It turns out that, after the 15-week opening adventure, the strip was on borrowed time and only ran for another four weeks. I think economic reasons were behind the demise of S.N.O.R.K.E.L. and it was replaced by an imported (and presumably cheaper) strip  -  The Blue Angels (original title Buck Danny).

Apologies for anyone who's been on tenterhooks for the last two-and-a-half years but your wait is finally over - here's Johnnie! (Click for larger images).










As it turns out, this wasn't quite the end for Johnny (or Johnnie depending on which issue you read!) and a text story appeared in the 1972 TV21 Annual. It only had two illustrations and only one of those featured any underwater action. It also made the back cover of the annual with a copy of Alan Willow's cover to issue 39, complete with dodgy looking sharks!


Die-hard S.N.O.R.K.E.L. fans can read the text story here.



Friday, 4 October 2019

The Handheld Art of Diving

Back in 1983 divers could while away their surface intervals with this state of the art game from Casio!






Wednesday, 25 September 2019

Three of a Kind - More Morane

Following a post from 2016, here are three more titles featuring French adventurer Bob Morane. (Click for larger images).


The Emerald Eye





Do I need to translate this one?!




The Sunken Galley


And here's a bonus second over for The Sunken Galley.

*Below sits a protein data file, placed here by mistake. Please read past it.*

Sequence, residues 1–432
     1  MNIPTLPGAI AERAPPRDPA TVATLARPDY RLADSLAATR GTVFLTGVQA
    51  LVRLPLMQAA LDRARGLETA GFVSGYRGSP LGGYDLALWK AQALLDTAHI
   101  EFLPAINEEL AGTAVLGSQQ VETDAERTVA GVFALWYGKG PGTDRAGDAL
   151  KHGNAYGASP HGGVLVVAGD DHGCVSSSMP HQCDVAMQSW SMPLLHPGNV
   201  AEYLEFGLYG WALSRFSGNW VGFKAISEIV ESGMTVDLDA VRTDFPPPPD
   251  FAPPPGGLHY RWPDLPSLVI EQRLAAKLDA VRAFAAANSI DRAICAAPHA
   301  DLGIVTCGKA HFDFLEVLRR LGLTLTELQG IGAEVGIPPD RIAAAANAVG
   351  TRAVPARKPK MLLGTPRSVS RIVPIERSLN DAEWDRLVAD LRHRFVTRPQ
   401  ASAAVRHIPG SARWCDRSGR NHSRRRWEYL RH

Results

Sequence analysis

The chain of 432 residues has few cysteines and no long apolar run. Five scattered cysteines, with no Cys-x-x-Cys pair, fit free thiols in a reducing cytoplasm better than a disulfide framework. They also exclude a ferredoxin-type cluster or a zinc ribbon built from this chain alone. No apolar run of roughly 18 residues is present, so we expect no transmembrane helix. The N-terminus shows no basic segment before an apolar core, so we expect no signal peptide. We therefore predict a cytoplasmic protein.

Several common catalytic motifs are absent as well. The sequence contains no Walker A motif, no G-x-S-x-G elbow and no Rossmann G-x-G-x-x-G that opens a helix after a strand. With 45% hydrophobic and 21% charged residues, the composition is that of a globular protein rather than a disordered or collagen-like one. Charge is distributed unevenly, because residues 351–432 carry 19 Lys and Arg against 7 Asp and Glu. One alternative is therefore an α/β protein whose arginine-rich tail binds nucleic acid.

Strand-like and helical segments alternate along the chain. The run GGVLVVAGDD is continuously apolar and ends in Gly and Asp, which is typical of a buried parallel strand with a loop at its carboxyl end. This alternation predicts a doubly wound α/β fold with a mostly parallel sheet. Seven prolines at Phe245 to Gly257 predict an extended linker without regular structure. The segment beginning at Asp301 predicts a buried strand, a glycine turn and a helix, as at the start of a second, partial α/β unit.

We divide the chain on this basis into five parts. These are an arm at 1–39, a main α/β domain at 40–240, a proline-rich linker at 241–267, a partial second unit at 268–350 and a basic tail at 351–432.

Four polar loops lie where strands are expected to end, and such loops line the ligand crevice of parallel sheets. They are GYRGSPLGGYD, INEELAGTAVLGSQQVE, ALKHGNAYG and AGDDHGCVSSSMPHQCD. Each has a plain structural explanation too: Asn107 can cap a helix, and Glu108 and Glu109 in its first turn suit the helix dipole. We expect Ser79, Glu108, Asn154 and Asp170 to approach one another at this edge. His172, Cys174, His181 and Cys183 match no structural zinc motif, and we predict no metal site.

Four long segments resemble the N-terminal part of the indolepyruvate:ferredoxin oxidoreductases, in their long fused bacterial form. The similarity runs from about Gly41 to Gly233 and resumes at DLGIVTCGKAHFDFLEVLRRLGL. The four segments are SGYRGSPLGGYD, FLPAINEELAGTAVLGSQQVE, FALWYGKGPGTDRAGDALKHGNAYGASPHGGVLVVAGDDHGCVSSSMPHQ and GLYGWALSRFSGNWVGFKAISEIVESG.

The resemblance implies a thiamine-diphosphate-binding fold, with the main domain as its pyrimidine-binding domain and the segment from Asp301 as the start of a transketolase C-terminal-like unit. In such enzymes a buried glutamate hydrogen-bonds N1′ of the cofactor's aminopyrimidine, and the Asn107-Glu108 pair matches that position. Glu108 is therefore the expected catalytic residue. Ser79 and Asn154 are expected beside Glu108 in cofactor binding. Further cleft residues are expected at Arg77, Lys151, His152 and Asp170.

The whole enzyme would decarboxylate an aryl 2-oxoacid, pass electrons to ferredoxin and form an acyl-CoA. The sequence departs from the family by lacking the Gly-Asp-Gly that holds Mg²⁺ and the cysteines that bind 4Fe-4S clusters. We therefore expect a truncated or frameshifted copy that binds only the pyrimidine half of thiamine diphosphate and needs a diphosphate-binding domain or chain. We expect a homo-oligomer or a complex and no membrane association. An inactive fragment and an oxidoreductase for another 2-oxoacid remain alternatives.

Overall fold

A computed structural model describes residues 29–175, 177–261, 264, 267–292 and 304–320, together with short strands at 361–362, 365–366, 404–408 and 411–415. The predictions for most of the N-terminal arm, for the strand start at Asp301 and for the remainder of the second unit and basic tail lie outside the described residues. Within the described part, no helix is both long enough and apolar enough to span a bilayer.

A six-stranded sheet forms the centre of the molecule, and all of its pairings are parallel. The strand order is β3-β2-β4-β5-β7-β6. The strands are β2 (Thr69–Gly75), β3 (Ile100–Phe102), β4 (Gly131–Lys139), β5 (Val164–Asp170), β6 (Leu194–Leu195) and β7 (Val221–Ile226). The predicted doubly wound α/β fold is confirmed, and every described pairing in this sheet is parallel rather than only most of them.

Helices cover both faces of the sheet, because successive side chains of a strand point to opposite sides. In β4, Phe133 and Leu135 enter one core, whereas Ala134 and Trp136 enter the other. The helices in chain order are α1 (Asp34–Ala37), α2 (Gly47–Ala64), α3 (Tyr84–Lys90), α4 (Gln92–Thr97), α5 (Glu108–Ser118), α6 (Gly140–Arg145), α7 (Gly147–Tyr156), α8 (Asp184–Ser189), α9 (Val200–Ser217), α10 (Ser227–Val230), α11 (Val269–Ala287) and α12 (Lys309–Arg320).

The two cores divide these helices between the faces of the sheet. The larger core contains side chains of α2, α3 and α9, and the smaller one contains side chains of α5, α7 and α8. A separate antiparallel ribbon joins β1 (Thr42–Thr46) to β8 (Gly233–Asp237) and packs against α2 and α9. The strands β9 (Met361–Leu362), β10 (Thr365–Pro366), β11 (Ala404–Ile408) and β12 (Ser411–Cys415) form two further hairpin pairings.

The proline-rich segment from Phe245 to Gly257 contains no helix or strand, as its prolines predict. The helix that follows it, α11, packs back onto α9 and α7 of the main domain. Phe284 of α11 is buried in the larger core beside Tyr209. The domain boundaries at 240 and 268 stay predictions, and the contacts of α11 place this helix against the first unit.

Monday, 16 September 2019

Once Upon a Dive

A mixture of fairy tales, children's stories and educational features, Once Upon A Time proudly proclaimed on the cover of its first issue that it was "the loveliest paper in the world!" Published by City Magazines from 1969 - 1972, the magazine boasted full-colour throughout its 163 issues and featured some beautiful work by artists such as Ron Embleton, Don Lawrence, Phil Mendoza and Jesús Blasco to name but a few.

The first two pieces featured here are by Andrew Howat. The originals are currently for sale at the Illustration Art Gallery: School of Sharks and Sea Turtle and Diver. They also have a brief biography of Howat. (Click for larger images).




The Art of Diving would just like to stress that it does not condone touching marine life!

I'm not sure who the artist is on this next piece. The Art of Diving would also like to stress that it does not condone the collecting of coral!



This final piece was one of three items grouped together under the heading Well, Fancy That!




The statue of Christ featured in an earlier Art of Diving post back in 2014.